No gas today It did look remarkably like Radiator Springs Racers...
Burros having their way with the hardware store in Oatman More burros, wondering what parts of my car might be edible Good warning, but if you don't know what a burro looks like, here's a couple examples

 From there, I headed south through Lake Havasu, formerly of "London Bridge" fame, now mostly known for "Girls Gone Wild" on the lake. I stopped and checked out the bridge, but there were no girls around, wild or otherwise. Having the top up was keeping the direct sun off of me, but it was still really hot--about 106 outside, and probably 110 or so in the car. Luckily I'm kind of used to that from living in Vegas, but I don't generally sit in it for hours at a time. I kept pounding liters of water.

Felt like all of 107 to me The actual London Bridge, re-assembled in the middle of the desert. Inexplicable.

After that, it was a trip over another dam, this time Parker Dam. I almost did the dam trifecta by visiting Davis Dam in Laughlin too, but I couldn't quite bring myself to travel back north after Oatman. Parker Dam is not as impressive as Hoover Dam, but still pretty neat. What's really neat is all the development and parks along the river downsteam of the goes on for miles, with lots of waterside restaurants, homes, hotels, boating, you name it.

Parker Dam, one of many big dams on the Colorado. Lots of bridges over the river too, rail and otherwise. They don't try too hard to keep you out

By this point, the heat had peaked for the day, and I was sweaty and dusty and relatively nasty after a couple hundred miles of driving with the top down through the desert. After passing several little "day use" parks and turnouts while heading south, it occurred to me that I'd been travelling next to one of America's legendary rivers all day long, the mighty Colorado. Even though some of its former might has been tamed with all the dams along the way, it was still full of cool, fresh water, and it was right next to me, so I took advantage of that and went for a swim to cool off and wash off some of the road grunge. I had packed a bathing suit at the very last minute at home, and even went so far as to put it on the bottom of the pack, thinking "I may never use this". Figures; swimming on Day 1. I didn't stay in too long, as I'd been warned by one of the locals in Oatman that the burros " to chew on convertables for some reason--tops, seats, whatever. Don't let them get too close." I would have been pretty annoyed to come back up from a swim to find the car being eaten by burros, but luckily I managed to avoid that.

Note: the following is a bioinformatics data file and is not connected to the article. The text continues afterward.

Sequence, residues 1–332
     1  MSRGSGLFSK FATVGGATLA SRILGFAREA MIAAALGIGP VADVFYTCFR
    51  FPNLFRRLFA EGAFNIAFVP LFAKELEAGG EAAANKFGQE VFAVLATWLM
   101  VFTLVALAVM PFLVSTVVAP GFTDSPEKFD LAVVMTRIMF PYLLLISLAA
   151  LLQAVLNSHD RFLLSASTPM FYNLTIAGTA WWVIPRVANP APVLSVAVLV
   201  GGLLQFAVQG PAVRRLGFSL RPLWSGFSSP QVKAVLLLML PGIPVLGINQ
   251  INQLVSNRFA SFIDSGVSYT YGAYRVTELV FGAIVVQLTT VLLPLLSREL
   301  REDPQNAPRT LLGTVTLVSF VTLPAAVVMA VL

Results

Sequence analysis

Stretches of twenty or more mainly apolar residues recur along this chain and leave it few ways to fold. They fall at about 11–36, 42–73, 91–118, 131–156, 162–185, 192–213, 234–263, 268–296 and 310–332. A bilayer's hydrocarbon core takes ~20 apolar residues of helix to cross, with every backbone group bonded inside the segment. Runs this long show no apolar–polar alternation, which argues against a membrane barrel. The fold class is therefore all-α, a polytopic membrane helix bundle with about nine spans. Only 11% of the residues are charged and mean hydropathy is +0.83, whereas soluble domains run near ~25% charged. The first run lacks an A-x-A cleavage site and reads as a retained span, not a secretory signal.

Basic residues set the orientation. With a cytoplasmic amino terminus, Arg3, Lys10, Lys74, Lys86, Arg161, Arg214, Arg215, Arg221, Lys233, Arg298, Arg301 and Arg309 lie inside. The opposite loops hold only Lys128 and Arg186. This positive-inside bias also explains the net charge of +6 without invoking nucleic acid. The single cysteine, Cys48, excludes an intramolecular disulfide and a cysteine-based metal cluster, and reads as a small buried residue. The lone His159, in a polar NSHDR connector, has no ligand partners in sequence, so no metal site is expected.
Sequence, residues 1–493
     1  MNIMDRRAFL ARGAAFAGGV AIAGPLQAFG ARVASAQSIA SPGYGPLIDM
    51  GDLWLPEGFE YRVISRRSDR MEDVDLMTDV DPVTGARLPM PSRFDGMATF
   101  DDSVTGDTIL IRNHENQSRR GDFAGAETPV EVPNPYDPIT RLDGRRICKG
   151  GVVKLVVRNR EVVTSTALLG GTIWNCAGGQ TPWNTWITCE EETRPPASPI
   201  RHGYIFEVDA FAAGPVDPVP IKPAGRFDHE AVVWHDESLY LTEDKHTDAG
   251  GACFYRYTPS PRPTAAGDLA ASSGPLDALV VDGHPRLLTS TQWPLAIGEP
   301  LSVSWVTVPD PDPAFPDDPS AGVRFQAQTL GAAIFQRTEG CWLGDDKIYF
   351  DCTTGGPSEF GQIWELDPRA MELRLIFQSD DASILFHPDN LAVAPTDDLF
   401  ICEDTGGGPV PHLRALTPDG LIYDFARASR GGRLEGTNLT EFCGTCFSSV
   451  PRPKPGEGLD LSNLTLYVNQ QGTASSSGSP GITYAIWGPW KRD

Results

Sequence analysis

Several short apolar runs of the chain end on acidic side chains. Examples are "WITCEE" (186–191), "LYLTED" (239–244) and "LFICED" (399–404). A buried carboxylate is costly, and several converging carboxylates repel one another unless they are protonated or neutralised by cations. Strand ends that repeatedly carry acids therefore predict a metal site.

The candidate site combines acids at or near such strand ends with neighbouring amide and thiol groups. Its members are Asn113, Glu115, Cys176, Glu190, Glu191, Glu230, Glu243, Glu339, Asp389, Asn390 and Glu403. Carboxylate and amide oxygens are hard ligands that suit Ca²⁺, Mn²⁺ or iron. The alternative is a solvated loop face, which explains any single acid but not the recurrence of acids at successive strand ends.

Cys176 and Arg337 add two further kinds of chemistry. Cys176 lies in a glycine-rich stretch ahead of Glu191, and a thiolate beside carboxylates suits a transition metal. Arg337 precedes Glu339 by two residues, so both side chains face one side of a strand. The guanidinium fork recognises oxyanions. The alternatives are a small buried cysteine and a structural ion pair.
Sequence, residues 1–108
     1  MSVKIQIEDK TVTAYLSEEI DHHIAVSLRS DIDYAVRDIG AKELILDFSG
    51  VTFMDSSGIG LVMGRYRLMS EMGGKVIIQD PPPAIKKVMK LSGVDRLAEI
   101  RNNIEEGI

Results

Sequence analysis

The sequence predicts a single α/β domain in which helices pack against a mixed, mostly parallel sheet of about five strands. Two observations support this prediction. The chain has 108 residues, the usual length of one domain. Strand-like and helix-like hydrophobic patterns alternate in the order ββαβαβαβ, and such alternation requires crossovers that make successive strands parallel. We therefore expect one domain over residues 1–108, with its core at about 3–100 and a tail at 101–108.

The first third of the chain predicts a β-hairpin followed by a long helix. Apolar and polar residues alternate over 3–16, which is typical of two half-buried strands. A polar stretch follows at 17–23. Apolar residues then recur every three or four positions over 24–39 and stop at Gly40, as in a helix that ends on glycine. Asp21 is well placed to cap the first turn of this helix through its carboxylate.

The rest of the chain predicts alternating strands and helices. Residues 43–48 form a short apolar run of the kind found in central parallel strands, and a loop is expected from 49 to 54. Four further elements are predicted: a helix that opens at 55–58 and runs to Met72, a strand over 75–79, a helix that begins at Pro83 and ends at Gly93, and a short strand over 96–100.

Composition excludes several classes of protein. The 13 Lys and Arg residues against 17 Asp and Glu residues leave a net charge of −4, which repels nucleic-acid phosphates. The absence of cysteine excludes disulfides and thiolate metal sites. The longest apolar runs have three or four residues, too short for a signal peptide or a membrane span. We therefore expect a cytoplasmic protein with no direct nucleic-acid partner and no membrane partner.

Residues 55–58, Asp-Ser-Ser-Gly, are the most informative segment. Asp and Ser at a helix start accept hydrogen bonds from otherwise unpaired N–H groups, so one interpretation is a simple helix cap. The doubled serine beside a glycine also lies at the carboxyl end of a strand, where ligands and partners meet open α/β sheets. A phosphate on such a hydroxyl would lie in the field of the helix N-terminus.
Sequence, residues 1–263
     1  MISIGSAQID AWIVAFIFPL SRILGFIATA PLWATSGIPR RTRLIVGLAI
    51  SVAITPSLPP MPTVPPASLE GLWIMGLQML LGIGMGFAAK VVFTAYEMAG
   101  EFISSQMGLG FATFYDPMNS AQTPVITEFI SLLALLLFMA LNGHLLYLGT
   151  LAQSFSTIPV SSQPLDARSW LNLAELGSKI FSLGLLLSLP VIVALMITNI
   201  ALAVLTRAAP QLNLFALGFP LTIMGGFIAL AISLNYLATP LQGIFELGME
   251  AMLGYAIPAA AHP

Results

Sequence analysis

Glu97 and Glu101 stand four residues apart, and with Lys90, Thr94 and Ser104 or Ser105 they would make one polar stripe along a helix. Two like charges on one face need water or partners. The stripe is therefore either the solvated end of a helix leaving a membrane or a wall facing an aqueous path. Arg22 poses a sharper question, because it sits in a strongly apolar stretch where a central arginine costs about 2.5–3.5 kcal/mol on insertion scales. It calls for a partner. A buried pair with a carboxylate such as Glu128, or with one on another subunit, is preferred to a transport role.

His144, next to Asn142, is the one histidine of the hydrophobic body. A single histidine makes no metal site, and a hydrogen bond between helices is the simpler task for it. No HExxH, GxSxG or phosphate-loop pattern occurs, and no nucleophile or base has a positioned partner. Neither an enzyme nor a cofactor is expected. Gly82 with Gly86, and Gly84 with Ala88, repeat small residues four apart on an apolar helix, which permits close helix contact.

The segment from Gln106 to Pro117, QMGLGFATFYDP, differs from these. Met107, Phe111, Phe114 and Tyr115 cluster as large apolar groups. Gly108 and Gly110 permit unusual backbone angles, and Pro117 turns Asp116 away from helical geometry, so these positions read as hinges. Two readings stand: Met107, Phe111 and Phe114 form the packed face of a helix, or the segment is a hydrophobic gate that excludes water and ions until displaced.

No, a burro didn't take this picture.

After that, there wasn't much other than a hundred miles of desert between me and Yuma, AZ, my designated stopping point for the night. I jumped back on 95 and cruised south, making a brief pitstop at the US Army Yuma Proving Grounds, where they had some pretty impressive guns on display. When the Army has got something to prove, they prove it in Yuma.

Tomorrow, we're headed west toward San Diego. It should be cooler out on the coast, which will be a nice change of pace. I was briefly contemplating a trip into Mexico since I'm only about 5 miles from the border here, but a quick check of Google Earth imagery showed mile-long car queues to get back across the border into the US, so I'm thinking that's a pretty normal state of affairs there. The Datsun probably wouldn't appreciate sitting there idling in the heat for a couple hours, and I don't think Mexicali and Tecate have all that much to offer me anyway, so I'm goint to skip that border crossing and just look at the fence from our side. Close enough.

According to one website, this thing lobbed atomic shells during those tests I'm doing the next road trip in a tank Old 105s never die, they just hang out in Yuma

And for those of you who like moving pictures, here's two minutes or so of old Route 66:


#1 lectacave 2013-06-14 06:42
What a spectacular first day! "Wish I was there" doesn't half cover it! Swimming in the Colorado. Torn between two standards, feelin' like a genius (I hope) for deciding to do this. Happy trails today.
#2 cmfisher4 2013-06-14 19:07
Car looks good. Brings back a lot of memories from a long time ago. I look forward to seeing it when you swing around this way. We always have a place for you to sleep. Be careful out there.
#3 laceytrynn 2013-06-16 17:52
off to a good start! will enjoy taking this virtual tour of the country with you...
#4 niki 2013-07-11 17:35
Who did take the picture of you swimming? :P
#5 admin 2013-07-13 11:38
Who did take the picture of you swimming?
OK, you got WAS a burro. :-)

Only registered users can post comments.